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Morning Report: The Fall of Thomas Jefferson Law School

Thomas Jefferson Law
Thomas Jefferson School of Law in downtown San Diego. / Photo by Adriana Heldiz

The Thomas Jefferson School of Law in downtown San Diego is in turmoil.

Lyle Moran, a VOSD contributor, reports that several factors are threatening the school’s existence [1]. For one, the school built a $90 million facility in the East Village and struggled to pay the debt amid the financial recession at a time of declining consumer interest in the legal profession.

Its students have also struggled after graduation, with considerable levels of debt, and that’s made recruitment difficult. Just 30 percent of Thomas Jefferson’s first-time takers passed the July 2017 California exam, by far the lowest percentage among the state’s 21 American Bar Association-accredited schools.

The test: The ABA placed Thomas Jefferson on probation. In hopes of forestalling the loss of accreditation, the school has in recent months drastically reduced the size of its student body and physical footprint, and offered more one-on-one support.

Trump Threatens to Close the Border, Permanently

President Donald Trump threatened Monday to permanently close the border [2] — not just a particular port of entry — drawing condemnation from local officials.

The San Ysidro port of entry, one of the world’s busiest crossings, was closed for roughly five hours Sunday after U.S. Border Patrol agents fired tear gas into a group of marching migrants from Central America who are seeking asylum. More than 60 crossed the border during a confrontation [3] and could face criminal charges related to illegal entry, the Los Angeles Times reported.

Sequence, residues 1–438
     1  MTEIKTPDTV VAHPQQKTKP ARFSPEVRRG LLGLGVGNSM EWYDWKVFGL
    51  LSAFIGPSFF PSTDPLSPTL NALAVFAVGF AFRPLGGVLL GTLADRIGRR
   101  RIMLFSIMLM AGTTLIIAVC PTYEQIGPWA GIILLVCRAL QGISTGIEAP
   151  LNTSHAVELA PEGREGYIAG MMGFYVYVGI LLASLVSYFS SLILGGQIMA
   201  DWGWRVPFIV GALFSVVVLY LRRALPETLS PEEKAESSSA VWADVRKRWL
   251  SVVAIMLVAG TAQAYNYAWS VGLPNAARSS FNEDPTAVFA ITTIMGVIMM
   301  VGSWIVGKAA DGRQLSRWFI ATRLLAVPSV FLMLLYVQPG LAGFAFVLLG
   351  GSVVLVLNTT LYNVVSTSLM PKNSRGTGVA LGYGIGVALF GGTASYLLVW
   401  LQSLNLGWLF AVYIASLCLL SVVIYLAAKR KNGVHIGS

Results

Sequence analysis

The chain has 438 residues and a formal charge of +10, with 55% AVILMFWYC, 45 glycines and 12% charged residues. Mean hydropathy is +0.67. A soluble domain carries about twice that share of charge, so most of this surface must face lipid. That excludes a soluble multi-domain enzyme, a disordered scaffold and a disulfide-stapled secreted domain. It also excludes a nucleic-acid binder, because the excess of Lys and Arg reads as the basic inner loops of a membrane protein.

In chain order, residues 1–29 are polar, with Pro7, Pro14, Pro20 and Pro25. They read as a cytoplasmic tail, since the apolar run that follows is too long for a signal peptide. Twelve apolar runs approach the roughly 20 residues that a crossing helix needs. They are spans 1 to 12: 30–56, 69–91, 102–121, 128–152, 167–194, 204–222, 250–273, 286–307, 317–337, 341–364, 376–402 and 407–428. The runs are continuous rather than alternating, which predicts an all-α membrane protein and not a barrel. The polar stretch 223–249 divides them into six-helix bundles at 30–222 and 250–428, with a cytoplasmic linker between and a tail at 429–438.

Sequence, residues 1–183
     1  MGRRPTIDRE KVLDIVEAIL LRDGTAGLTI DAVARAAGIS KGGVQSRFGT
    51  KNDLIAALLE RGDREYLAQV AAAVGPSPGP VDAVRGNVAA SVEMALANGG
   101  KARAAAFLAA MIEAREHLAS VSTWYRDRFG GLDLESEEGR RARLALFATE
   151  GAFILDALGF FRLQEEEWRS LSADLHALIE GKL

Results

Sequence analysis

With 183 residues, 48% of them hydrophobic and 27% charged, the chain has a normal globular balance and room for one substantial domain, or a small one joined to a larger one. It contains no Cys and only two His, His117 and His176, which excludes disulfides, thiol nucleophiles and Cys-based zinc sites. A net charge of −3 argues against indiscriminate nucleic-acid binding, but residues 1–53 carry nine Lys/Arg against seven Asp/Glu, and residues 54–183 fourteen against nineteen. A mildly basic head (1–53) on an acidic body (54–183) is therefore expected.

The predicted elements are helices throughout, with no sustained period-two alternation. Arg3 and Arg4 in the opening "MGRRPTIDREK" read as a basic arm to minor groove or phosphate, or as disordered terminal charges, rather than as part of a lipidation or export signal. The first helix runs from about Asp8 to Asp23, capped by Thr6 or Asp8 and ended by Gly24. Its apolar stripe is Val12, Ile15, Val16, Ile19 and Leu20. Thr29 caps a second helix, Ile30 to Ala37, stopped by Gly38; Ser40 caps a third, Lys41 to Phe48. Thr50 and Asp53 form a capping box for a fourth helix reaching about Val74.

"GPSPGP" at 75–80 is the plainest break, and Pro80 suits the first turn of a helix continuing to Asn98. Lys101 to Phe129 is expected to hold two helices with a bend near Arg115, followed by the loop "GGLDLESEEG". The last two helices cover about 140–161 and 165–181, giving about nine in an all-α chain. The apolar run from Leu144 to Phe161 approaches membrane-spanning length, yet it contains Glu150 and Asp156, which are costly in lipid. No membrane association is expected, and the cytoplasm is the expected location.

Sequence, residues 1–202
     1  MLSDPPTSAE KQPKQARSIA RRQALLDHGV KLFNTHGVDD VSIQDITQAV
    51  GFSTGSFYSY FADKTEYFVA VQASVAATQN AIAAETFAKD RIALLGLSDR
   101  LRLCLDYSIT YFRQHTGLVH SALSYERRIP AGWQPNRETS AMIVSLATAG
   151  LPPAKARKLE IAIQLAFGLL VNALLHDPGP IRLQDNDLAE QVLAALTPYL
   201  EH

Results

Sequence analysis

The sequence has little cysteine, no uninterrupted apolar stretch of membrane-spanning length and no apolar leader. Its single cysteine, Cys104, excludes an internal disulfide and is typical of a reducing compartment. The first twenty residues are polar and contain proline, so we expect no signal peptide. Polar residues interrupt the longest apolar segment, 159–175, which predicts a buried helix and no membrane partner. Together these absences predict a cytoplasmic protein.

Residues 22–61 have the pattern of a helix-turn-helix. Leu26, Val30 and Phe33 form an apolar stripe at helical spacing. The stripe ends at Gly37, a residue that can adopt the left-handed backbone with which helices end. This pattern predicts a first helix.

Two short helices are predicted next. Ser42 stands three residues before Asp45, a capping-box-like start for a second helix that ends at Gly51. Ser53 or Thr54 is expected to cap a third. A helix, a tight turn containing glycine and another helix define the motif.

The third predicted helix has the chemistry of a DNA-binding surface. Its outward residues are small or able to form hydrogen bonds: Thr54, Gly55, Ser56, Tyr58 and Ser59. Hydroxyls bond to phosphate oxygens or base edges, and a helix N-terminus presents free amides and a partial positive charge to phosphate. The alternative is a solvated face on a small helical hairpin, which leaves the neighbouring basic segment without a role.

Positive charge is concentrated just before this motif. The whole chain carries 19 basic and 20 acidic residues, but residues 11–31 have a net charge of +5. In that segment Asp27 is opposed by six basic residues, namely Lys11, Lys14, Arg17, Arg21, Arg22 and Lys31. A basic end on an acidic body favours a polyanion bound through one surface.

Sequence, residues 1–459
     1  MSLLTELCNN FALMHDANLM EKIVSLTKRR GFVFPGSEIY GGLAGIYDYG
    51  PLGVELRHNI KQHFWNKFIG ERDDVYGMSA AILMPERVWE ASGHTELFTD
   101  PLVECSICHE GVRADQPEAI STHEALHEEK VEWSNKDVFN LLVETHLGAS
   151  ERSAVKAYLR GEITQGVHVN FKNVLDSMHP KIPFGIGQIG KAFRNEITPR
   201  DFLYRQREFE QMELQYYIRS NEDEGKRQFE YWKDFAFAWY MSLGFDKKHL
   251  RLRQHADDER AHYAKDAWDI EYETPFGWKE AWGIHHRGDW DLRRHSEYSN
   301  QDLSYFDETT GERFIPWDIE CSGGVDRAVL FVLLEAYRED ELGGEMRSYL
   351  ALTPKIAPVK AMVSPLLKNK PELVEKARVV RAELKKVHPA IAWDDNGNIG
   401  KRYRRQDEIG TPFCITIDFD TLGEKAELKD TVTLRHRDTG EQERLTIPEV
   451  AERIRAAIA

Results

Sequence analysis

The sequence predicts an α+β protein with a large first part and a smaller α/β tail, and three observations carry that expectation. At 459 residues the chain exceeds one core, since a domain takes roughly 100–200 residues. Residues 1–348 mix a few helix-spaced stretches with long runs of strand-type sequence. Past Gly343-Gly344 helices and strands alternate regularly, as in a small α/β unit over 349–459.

As the image of a woman and children running from the tear gas caused shock and outrage, U.S. Customs and Border Protection Commissioner Kevin McAleenan praised the agents for managing “a potentially dangerous situation” with no major injuries on either side. 

How did we get here? Desperation is colliding with the plans of a president. In this week’s Border Report, Maya Srikrishnan and Adriana Heldiz write that the Central American migrants in this current caravan are growing desperate. [4] At the same time, the U.S. government has been making asylum requests more difficult. The Trump administration has long made clear that it thinks asylum is a loophole.

Central American migrants marched toward the San Ysidro Port of Entry. / Photo by Adriana Heldiz

Mexico finds itself in the middle.

Here’s a short video [5] we put together about the tense week in Tijuana that started with Mexicans protesting the migrants.

More:

Maienschein Lead Tightens Again

The Democrats will enjoy majorities in the state legislature unlike anything they have seen in decades [10] and it could get just one seat stronger for them. Assemblyman Brian Maienschein’s lead in the District 77 race has narrowed to just 864 votes after Sunday Gover gained 1,322 votes on him in the latest count.

The latest update from the Registrar of Voters released Monday evening included 7,440 votes from the district, which comprises many of the city of San Diego’s northern neighborhoods, like Scripps Ranch and Carmel Valley, along with the city of Poway and Rancho Santa Fe. Gover won nearly 59 percent of that batch of newly counted votes. The registrar says another 47,000 votes remain to be counted countywide.

Be patient: The next update to the vote count won’t come until Friday.

Open Government Advocate, Mel Shapiro, Dies

From Scott Lewis: In the early years of Voice of San Diego, few people spent more time on the phone with us than Mel Shapiro. He wasn’t always happy — in fact, I’m not sure I remember him smiling. But he was a relentless and fierce advocate for open records and meetings. His name is part of precedent-setting lawsuits that forced the city to be more clear about what it was planning to do in closed sessions. He was a relentless thorn in the side of city government. He sometimes ventured into outright politicking — like when he put his own money in the campaign against the strong-mayor form of government. And he had a distinct point of view, namely that downtown’s power brokers could not be trusted.

In 2012, the local chapter of the Society of Professional Journalists gave him the Sunshine Award [11] and he chose to accept it in the City Clerk’s office, where he was a familiar face.

Democracies are a delicate balance between intensely competitive interests. We cannot have progress unless they make deals. But we cannot avoid corruption without transparency. For decades, San Diego had one reliable warrior for transparency and now, at 90, he has passed. RIP, Mel.

In Other News

The Morning Report was written by Jesse Marx and Lisa Halverstadt, and edited by Scott Lewis.